This story is a tribute, not just to our daddy, but to a wonderful husband, grandpa, friend and citizen.
Please leave your comments below.
Read more by Linda Miller.
13 thoughts on “Tales of Our Daddy”
Linda, loved this story
Thank you. And thx for reading my story. Glad you liked it.
What a beautiful story about grandpa.
Thank you. And thx so much for reading and commenting. I sent a draft to my siblings for feedback. When talking with Uncle Rick, I asked a question about working at the station, and he said, “I’m not sure, ask Chuck.” A couple seconds later, he said, I’m always doing that.” Even tho it hurts my heart, I want to share with you. I know you’ll completely understand.
Thanks for sharing. Yes, I totally understand.
Great story mom ❤️ love ask the memories and guess what… I learned something 😁
Thx honey. Grandpa would be proud. I learned stuff too because I asked my sibs for input. They had memories I didn’t or had forgotten a out or just got wrong!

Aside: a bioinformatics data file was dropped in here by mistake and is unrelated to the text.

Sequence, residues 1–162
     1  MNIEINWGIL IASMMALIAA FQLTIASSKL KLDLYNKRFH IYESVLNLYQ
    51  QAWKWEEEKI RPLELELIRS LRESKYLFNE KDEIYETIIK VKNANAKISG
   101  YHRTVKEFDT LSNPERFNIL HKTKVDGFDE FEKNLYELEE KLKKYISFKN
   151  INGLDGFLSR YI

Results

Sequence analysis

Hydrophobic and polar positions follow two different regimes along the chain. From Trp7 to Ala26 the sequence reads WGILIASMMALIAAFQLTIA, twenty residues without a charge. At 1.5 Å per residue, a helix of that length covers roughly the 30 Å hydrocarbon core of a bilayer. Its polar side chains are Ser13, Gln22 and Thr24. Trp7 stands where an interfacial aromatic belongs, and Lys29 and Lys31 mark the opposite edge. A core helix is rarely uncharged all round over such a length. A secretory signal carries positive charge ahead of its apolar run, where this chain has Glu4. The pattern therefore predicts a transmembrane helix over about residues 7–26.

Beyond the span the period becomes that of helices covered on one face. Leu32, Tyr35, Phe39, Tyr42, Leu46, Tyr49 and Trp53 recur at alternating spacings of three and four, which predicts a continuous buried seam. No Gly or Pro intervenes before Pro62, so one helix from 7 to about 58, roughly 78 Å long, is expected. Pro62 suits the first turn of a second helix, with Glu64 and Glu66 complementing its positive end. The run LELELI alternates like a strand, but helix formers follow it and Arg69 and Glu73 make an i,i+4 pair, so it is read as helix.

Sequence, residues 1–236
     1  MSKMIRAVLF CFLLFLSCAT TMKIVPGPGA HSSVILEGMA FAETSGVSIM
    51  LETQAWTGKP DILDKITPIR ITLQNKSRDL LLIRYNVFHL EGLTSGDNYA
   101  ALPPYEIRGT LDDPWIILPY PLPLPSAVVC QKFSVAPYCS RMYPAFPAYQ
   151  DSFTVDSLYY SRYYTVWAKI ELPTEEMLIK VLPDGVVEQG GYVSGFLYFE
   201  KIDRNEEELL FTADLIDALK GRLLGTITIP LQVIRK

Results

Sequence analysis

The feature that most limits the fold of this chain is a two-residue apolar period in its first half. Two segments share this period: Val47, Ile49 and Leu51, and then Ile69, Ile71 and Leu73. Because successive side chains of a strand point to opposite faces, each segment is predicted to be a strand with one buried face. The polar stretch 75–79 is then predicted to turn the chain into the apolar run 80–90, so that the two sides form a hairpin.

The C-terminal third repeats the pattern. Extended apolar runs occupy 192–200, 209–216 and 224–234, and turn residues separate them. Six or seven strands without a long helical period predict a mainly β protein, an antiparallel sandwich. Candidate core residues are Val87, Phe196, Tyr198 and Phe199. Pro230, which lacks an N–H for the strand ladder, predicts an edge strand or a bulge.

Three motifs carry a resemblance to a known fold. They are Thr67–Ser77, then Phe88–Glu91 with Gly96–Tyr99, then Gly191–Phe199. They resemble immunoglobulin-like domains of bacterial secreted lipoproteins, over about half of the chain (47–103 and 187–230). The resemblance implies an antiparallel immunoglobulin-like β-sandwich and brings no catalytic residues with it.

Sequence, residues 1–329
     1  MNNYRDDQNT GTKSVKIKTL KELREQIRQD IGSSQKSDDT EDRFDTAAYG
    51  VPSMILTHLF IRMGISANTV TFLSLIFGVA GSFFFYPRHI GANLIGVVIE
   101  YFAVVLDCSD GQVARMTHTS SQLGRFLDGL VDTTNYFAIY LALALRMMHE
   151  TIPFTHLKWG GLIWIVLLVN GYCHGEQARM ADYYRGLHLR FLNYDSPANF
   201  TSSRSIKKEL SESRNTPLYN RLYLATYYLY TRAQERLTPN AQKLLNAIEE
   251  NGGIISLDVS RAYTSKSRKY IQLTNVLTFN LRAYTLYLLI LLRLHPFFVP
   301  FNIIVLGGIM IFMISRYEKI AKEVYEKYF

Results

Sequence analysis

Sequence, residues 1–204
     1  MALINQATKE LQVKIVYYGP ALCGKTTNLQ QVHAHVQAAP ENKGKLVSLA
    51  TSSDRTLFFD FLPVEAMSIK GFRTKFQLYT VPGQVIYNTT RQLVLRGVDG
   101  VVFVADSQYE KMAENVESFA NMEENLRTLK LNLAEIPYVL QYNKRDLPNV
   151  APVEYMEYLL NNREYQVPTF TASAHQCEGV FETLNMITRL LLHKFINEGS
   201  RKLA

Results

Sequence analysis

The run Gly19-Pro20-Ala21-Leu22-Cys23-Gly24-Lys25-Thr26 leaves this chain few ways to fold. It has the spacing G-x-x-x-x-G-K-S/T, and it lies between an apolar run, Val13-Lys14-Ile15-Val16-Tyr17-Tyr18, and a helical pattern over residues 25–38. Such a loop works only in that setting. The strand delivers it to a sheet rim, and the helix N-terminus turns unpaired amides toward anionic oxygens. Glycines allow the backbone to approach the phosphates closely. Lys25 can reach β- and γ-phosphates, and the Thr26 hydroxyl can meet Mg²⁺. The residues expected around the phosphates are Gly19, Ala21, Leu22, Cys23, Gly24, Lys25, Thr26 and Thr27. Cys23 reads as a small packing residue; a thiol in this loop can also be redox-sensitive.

Really great story Linda. It made me want to cry. You really captured the essence of daddy.
Thx, but all of you helped. ❤
Linda, your Dad was beautiful, as is your story. Thanks for sharing it.❤️ I tried the magic square game, I didn’t crack it. Oh well.☹️
Thx Maryanne, and thx for reading my story. I’m trying to get as many memories written before it’s too late, a legacy for my children and grandchildren. My sibling helped with getting the details right. It’s funny how we don’t always remember everything exactly the same way.
Linda, as most have said, what a beautiful tribute to your dad. I’m sure your family will keep this as a wonderful remembrance of him. The story came out great. And I really love the photos!!
Thx. The input from you and others in our group was helpful. Thx for this response.